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The deadliest holiday for car accidents

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Parents turn to smartphone apps to monitor teen drivers 02:09

Drivers and passengers, beware: You are four times as likely to die in a traffic accident over the Memorial Day weekend as over a regular weekend, according to ValuePenguin.

In assessing driving risks, the personal finance website compared traffic fatalities over all the major holidays using statistics from the National Highway Traffic Safety Administration. Memorial Day led with an average of 312 fatal accidents per year over the period 2011 to 2015. The other big summer holidays were not far behind, however. Labor Day averaged 308 fatalities and the Fourth of July, 307.

Fatal highways: America's 9 most dangerous places for drivers
Fatal highways: America's 9 most dangerous places for drivers

The clear takeaway: Driving on any of the big summer weekend holidays is much more dangerous than on a normal weekend. The most dangerous single day -- rather than weekend -- is July 4, perhaps because many families are driving at night to and from fireworks displays.

More and more travelers on the road add to those dangers. AAA forecasts that 39.3 million Americans will travel more than 50 miles over this year's Memorial Day weekend, the most 2005, reflecting the ongoing economic recovery. Of that number, an estimated 34.6 million, or 88 percent, will be driving.

"The expected spike in Memorial Day traffic mirrors the positive growth seen throughout the travel industry this year," said AAA senior vice president Bill Sutherland. "Higher confidence has led to more consumer spending. Many Americans are choosing to allocate their extra money on travel this Memorial Day."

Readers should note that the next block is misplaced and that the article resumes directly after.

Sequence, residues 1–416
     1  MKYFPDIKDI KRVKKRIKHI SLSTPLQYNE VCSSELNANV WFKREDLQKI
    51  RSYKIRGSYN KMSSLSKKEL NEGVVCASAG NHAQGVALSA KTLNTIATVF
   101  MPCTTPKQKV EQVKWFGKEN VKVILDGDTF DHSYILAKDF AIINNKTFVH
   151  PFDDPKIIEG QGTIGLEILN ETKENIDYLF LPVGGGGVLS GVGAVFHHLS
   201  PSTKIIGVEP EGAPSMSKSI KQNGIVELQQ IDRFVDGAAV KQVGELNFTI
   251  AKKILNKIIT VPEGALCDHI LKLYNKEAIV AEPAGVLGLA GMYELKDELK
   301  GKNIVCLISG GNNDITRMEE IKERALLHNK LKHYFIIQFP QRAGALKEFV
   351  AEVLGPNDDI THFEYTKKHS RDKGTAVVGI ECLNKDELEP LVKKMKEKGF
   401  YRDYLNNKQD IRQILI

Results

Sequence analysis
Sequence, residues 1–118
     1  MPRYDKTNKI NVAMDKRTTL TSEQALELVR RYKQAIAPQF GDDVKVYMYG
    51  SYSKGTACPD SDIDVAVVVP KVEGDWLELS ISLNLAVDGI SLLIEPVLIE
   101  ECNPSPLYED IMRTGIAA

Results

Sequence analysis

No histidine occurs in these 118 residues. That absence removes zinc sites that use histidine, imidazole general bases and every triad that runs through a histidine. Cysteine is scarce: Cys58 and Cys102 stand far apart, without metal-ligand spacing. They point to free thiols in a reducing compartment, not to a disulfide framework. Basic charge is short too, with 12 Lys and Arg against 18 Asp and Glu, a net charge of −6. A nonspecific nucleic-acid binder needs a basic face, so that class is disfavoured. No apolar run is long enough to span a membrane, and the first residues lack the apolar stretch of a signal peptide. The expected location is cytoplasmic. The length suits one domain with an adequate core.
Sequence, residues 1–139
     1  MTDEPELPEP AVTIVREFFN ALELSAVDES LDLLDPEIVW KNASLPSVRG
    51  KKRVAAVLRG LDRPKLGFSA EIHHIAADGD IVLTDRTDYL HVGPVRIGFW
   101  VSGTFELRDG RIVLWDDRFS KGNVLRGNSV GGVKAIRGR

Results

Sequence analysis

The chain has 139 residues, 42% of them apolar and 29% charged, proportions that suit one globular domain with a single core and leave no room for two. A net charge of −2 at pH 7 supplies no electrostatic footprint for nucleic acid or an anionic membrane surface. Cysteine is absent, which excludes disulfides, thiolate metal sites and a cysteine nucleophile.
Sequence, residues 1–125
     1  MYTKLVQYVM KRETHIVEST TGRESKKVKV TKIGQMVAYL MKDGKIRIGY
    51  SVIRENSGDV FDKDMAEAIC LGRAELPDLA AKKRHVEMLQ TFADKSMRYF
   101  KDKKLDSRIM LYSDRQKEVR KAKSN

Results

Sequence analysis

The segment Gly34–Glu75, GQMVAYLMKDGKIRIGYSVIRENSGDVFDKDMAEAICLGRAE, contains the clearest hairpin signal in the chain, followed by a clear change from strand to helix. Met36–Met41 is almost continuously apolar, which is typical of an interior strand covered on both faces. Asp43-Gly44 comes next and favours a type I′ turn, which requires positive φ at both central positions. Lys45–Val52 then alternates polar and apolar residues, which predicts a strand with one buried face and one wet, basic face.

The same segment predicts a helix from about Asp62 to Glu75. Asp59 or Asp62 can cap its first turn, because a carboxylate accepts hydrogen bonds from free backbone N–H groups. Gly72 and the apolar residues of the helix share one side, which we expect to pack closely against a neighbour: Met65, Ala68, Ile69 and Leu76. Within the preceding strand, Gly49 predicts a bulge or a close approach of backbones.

Irina Ivanova/CBS MoneyWatch

Other highlights of Value Penguin's study:

  • Surprisingly, New Year's weekend was the second-least dangerous holiday, with an average of 245 fatal accidents per year between 2011 and 2015. It may be that years of public service announcements have convinced party-goers not to drink and drive. Christmas had the lowest level of fatalities at 231.
  • As on normal weekends, the stretch of the Northeast between Washington, D.C., and New York had a high incidence of fatal accidents on most holiday weekends.
  • Texas and California shared in the carnage. The dubious distinction of being the deadliest city on individual holiday weekends was split between Houston and Los Angeles.

Knowing these dangers probably will not deter you from driving to your holiday celebrations. But keep in mind today's No. 1 safety tip: Texting or other distracted driving is more dangerous than driving drunk. If you need to tell your relatives you are running late, pull over. 

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